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 Dolabella was spending his time in Ionia, having put Trebonius to death, levied tribute on the towns, and hired a naval force, by means of Lucius Figulus, from the Rhodians, Lycians, Pamphylians, and Cilicians. When this was in readiness he advanced toward Syria, leading two legions by land while Figulus proceeded by sea. After he had learned of the forces of Cassius he passed on to Laodicea,1 a city friendly to himself, situated on a peninsula, fortified on the landward side and having a roadstead in the sea, so that supplies might be easily obtained by water and he might sail away securely whenever he wished. When Cassius learned this, fearing lest Dolabella should escape him, he threw up a mound across the isthmus, two stades in length, composed of stones and all sorts of material brought together from suburban houses and tombs, and at the same time sent to Phoenicia, Lycia, and Rhodes for ships.2
1 There were five Laodiceas in the dominions of the Seleucidæ, all named after the mother of Seleucus (Syr. 57). This one was on the coast of Syria, the modern Latikiyeh.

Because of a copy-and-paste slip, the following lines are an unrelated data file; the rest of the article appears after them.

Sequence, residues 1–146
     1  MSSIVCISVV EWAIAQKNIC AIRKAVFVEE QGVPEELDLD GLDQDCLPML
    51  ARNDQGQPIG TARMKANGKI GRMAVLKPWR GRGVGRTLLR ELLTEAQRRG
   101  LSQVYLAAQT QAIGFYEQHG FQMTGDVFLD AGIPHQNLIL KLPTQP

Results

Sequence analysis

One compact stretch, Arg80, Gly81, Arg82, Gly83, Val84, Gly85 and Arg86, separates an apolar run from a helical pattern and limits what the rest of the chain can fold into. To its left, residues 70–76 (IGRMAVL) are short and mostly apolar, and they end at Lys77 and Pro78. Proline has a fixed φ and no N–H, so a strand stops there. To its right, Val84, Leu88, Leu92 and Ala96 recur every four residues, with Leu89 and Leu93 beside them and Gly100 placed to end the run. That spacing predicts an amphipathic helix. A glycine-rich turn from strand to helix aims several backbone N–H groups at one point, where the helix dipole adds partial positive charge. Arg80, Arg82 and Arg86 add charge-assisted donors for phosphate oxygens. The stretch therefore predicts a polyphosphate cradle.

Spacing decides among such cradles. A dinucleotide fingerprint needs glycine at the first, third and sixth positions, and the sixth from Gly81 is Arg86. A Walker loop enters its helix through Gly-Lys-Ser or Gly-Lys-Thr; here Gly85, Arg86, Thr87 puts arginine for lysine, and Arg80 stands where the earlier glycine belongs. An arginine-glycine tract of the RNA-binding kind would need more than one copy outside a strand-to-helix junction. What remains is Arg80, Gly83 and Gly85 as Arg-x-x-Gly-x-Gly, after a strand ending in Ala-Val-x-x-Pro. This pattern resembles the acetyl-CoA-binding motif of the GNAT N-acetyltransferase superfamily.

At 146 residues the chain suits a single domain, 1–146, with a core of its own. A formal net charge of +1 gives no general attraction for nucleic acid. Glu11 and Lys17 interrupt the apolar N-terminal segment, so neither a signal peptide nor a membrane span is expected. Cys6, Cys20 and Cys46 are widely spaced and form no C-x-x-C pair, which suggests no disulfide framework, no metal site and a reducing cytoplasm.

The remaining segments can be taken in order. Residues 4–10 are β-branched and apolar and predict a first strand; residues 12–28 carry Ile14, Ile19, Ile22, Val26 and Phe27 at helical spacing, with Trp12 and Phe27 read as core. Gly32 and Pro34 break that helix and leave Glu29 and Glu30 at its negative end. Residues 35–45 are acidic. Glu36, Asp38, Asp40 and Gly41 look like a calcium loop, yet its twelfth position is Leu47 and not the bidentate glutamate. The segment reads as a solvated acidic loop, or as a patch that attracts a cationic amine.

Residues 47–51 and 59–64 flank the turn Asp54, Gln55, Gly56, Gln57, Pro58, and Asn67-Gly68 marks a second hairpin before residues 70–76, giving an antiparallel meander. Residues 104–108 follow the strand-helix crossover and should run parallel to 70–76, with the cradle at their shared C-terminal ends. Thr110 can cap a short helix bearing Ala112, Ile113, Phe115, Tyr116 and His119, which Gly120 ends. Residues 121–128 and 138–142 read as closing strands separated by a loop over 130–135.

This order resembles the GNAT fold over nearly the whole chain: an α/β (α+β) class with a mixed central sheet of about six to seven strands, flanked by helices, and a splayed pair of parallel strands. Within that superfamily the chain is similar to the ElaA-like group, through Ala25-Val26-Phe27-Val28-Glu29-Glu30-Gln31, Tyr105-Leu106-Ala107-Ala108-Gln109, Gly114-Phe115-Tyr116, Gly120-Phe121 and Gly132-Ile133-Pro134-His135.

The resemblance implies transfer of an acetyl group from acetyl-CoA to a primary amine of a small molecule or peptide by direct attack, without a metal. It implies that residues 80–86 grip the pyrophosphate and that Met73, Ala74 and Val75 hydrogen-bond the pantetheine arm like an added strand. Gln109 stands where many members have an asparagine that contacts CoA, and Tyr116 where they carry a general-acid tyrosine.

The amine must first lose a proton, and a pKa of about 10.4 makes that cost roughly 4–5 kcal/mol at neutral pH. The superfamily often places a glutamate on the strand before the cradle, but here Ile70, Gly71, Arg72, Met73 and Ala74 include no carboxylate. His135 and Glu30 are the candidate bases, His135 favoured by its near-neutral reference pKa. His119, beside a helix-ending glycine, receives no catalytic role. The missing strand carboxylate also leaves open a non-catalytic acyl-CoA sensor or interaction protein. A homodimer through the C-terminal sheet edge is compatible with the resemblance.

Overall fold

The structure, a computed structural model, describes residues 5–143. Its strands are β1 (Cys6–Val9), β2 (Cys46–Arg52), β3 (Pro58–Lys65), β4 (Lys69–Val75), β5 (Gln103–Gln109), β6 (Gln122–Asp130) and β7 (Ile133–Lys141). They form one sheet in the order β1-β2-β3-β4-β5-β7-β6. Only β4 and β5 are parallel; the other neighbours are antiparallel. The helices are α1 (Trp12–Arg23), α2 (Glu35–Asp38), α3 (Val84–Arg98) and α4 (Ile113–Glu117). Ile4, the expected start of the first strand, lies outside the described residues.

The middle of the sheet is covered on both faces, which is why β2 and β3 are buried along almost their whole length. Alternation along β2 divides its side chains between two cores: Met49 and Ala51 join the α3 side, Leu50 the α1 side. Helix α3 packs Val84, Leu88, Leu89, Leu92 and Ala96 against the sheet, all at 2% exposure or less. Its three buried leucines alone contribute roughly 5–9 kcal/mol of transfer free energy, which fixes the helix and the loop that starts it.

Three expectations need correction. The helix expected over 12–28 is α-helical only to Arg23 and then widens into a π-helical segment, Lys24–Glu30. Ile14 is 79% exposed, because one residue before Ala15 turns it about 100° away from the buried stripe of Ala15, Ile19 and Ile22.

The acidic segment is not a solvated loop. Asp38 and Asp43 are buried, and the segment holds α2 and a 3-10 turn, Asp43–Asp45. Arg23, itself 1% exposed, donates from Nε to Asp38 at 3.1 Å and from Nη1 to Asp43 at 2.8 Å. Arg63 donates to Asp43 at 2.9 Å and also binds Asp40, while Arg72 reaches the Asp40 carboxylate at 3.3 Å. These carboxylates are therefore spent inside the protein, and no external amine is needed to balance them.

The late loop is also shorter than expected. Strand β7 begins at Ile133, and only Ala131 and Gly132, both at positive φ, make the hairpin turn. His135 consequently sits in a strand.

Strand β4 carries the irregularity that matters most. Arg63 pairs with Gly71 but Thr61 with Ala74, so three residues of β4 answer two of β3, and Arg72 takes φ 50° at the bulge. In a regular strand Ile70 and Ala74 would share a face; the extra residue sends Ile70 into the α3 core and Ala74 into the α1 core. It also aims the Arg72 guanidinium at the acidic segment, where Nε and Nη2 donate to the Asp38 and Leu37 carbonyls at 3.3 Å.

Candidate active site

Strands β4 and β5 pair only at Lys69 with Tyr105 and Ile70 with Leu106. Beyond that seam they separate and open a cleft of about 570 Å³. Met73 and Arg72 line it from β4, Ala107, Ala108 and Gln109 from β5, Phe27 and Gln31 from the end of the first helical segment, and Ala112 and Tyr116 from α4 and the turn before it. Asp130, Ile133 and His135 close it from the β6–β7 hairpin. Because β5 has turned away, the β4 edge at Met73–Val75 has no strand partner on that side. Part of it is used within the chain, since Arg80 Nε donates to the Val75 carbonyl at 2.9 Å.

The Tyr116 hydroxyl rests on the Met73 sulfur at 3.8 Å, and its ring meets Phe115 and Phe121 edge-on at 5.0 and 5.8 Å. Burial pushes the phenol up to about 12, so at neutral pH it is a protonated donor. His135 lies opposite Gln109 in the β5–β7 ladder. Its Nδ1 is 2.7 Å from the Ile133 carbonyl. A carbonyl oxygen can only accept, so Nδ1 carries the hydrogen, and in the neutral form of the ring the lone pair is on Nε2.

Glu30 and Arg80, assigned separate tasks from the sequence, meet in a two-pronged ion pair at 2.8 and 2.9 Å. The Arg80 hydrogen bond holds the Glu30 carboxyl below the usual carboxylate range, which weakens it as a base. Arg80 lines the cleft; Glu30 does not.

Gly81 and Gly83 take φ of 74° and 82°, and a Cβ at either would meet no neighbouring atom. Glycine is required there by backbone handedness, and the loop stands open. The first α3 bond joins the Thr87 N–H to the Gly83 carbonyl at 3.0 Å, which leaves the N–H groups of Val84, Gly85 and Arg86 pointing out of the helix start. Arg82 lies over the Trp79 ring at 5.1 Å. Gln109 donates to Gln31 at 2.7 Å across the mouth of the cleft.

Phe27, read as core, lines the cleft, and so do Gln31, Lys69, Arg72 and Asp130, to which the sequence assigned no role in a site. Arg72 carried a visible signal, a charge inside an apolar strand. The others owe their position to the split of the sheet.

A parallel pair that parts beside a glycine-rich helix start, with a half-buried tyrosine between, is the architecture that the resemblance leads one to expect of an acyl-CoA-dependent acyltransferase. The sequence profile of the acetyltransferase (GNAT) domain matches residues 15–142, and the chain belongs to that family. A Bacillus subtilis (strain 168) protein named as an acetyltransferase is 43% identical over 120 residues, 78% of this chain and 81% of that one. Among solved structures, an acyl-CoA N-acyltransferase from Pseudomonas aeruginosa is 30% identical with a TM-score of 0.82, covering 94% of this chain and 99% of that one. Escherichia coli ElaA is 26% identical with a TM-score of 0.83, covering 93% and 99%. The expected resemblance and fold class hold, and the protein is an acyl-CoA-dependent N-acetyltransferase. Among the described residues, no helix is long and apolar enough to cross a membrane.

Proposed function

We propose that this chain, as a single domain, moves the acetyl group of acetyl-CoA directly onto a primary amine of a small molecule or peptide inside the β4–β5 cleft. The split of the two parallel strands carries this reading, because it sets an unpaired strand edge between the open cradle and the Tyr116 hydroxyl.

2 Among the letters of Cicero are two written by P. Lentulus, the quæstor of Trebonius, dated Perge, Pamphylia, May 29 and June 2, the former to Cicero and the latter to the Senate, which throw light on the movements of Dolabella before he shut himself up in Laodicea. He says that he has learned from deserters from Dolabella's army that before throwing himself into the latter place Dolabella tried to get possession of Antioch, but was not allowed to enter. "Then he made several attempts to gain entrance by force, but was each time repulsed with severe loss. After losing about a hundred men he fled by night from Antioch in the direction of Laodicea, leaving his sick and wounded. That night nearly all of his Asiatic troops deserted him, and 800 of them returned to Antioch and surrendered themselves to the officers whom Cassius had left to guard the town. The remainder, of whom my informants were a part, came into Cilicia by way of Mount Amanus. They said that Cassius, with his entire army, was only four days' march from Laodicea when Dolabella started thither, for which reason I am confident that this most infamous robber will get his deserts sooner than we had anticipated." (Ad Fam. xii. 15.)
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